Union News

Australian Union Safety Survey

Australian Unions are advocating for workers to fill out their Worker Survey to feed into the ongoing OHS Boland review. The survey is being used to capture data from workers across Australia, giving them to have a say in the direction of the health and safety space in Australia.

The results will be de-identified and submitted to the ongoing Boland review, as well as being used in the ACTU's campaign to protect the right of all workers to a safe and healthy workplace.

It is not an overly long survey, so please, if you have the time, consider helping Australian Unions advocate strongly for a better OHS future. Your experiences and inputs are the most powerful tool we have to advocate for better OHS laws in Australia.

You can find the survey here. 

Ask Renata

Every week in SafetyNet we highlight an interesting question we received through Ask Renata.

Question:

Hi just a quick question. We have automated forklifts that load racking up to 10 meters high with a lift capacity of 1,800kg and when they go into error they have to be operated remotely with a cord connected to the forklift 2 meters long. My question is do you need a high risk license to operate these forklifts. At the moment we have unlicensed people operating these machines. Thanks.

--

Our response:

Hi mate,

I couldn't find anything explicitly related to these kind of automated forklifts. Unfortunately, the law doesn't always keep up with the pace of technology. However, I see no reason why they wouldn't be considered subject to licensing just like a regular forklift if they are being operated in that fashion. There are many factors to be aware of while operating a forklift, and just because a person is not seated on the vehicle this doesn't negate these safety hazards. I would certainly be raising this with management as a serious safety concern.

You can read more about forklift safety on our website here: http://www.ohsrep.org.au/ohs-in-your-industry/transport,-storage-and-trade/forklift-safety

Let me know if you require any further assistance or clarification.

--

If you have a question for the OHS team (while Renata is away enjoying some well earned time on vacation) head to www.ohsrep.org.au/ask-renata-form

Asbestos News

Asbestos Safety Conference 2019

The 2019 Asbestos Safety Conference will be held in Perth from 11 - 13 November, at the Perth Convention and Exhibition Centre. Those wishing to attend are able to register now before the end of financial year. (Note: trade show exhibitor registration is not yet open.)

ASEA says the conference provides a unique opportunity for members of the asbestos management system to come together, exchange information and share ideas with over 300 domestic and international professionals from a range of sectors including work health and safety, public health, local government, international campaign work and the environment.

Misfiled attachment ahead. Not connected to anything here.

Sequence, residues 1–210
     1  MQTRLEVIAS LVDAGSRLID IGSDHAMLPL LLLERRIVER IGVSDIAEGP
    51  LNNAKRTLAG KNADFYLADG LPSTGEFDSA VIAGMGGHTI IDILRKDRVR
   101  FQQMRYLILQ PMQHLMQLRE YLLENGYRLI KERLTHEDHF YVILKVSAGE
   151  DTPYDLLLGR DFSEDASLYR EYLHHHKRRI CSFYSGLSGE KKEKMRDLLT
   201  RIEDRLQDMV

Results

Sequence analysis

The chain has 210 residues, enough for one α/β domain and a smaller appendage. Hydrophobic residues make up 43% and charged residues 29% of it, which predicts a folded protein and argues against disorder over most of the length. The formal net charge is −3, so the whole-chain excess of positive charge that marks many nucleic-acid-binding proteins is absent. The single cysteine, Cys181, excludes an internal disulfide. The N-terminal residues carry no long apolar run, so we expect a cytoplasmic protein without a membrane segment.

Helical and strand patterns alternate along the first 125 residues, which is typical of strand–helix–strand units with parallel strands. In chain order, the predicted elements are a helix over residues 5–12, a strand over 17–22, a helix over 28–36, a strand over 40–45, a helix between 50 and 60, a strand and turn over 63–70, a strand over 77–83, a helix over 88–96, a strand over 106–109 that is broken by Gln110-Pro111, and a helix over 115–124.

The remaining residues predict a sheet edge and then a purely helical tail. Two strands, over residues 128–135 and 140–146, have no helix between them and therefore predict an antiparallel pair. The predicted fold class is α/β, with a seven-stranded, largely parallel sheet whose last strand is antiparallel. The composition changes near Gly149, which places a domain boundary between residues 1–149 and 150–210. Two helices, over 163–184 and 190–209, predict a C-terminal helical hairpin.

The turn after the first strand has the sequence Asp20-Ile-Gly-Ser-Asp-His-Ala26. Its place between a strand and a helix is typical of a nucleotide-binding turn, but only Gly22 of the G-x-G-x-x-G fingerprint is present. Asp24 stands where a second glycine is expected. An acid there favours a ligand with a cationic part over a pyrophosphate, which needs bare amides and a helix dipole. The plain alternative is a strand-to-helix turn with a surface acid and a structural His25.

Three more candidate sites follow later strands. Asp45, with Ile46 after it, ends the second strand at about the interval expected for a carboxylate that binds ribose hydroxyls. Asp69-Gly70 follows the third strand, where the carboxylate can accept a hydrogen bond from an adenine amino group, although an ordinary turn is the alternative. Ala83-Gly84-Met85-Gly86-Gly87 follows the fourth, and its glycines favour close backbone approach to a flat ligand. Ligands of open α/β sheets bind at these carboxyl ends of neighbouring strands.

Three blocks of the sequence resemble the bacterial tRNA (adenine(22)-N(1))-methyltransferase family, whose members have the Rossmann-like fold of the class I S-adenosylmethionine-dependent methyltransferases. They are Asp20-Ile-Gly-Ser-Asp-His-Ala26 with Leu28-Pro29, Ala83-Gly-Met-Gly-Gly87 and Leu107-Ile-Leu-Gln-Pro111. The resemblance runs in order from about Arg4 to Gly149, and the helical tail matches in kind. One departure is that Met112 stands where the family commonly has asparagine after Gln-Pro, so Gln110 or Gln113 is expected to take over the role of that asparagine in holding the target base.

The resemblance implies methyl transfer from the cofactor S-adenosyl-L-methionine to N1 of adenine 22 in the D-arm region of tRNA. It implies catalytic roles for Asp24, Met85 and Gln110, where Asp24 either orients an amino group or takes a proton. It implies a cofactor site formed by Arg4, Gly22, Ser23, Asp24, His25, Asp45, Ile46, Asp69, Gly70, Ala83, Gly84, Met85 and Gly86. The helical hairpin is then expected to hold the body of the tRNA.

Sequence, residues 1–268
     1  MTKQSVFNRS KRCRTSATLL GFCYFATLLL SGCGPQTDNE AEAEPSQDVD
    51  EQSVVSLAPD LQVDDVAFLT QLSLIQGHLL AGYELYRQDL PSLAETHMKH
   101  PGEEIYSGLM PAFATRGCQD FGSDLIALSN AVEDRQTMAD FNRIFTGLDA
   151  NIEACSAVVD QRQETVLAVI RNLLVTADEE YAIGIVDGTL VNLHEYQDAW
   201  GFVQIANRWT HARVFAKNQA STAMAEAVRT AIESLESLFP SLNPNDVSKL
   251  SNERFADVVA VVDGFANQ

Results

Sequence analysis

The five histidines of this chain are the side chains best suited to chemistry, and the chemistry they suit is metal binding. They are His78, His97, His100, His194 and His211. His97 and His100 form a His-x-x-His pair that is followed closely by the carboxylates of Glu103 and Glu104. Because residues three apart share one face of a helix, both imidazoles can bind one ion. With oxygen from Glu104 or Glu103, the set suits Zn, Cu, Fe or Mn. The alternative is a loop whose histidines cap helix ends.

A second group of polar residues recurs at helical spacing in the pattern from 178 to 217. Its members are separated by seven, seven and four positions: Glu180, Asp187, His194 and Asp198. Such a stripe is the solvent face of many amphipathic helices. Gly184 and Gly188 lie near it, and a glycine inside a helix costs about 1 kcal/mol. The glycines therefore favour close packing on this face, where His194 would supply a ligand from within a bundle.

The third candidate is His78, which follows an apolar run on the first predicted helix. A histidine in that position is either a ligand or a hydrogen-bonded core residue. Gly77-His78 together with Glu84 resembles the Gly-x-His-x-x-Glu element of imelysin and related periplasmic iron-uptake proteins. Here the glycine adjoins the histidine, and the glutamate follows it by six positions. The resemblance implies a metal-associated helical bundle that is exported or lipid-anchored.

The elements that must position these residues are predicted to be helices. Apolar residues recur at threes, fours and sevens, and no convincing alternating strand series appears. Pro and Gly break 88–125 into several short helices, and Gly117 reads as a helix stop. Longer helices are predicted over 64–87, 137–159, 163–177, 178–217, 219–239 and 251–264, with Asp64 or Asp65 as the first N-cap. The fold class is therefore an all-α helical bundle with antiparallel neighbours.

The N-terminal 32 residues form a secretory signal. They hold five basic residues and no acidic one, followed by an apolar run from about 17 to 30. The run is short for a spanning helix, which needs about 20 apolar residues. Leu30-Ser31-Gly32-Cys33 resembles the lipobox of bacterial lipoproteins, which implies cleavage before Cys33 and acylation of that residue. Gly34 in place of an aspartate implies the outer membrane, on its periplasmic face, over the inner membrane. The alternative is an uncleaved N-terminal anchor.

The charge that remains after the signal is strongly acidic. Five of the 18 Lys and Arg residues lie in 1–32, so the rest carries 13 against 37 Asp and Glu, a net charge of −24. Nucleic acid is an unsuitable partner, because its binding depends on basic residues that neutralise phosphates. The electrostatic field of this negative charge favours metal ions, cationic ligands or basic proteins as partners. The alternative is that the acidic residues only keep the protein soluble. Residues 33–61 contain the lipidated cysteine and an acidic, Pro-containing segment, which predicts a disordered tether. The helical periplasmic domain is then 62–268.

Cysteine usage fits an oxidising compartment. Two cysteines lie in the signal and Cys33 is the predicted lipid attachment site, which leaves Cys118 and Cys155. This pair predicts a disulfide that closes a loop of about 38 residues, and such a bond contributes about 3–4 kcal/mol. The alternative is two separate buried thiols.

This year ASEA will collaborate and focus on Australia's National Strategic Plan for Asbestos Awareness and Management 2019-2023 and the roles and responsibilities those in the asbestos management system have in working together toward preventing exposure to asbestos fibres. Read more about the conference here.

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International union news

'Major victory' for site workers St Fergus Gas plant
Gas plant workers at the UK's Fergus gas plant have secured a massive victory for workers at the Shell owned plant. Reports are stating that constructive meetings were had that ended the dispute, and addressed ongoing OHS concerns at the workplace.

Unite Union threatened to hold an industrial action ballot in response to the employers proposed cancellation of the permit holder payment, which could have seen some workers wages be cut by £103 per week. The new agreed proposal will thankfully ensure this does not arise.

You can read more details on the Unite the Union news page.

Concerns in UK Ambulance Workers Around Retirement Ages

British ambulance workers have raised concerns over their age of retirement. Represented by their union in the UK, GMB, a protest was staged outside of the department of health calling for the minimum age to receive the pension to be brought forward, considering the physical and mental difficulties required to perform the role.

The current age requirement is 68, GMB is campaigning to have their retirement age reduced to 60 in line with other emergency services.

Ambulance workers were quoted in a research survey, stating: "I'm worried - I am not sure that we will be physically able to work 12 hour shifts at that age. This job is physically and mentally demanding and is getting more so as each year passes."

The survey results also showed that:

  • 95.93% don't think they will be able to continue in their current role until their pensionable age.
  • 98.81% think that their job will be too demanding (physically and mentally) the older they become.
  • 87.90% think there will not be the opportunity for redeployment if they are unable to continue in their role.
  • 99.49% would like to see a reduction in their pension age.
  • 98.81% would support GMB in calling on government to reduce the pensionable age of ambulance workers to 60 years.

More information can be found on the GMB's news page.

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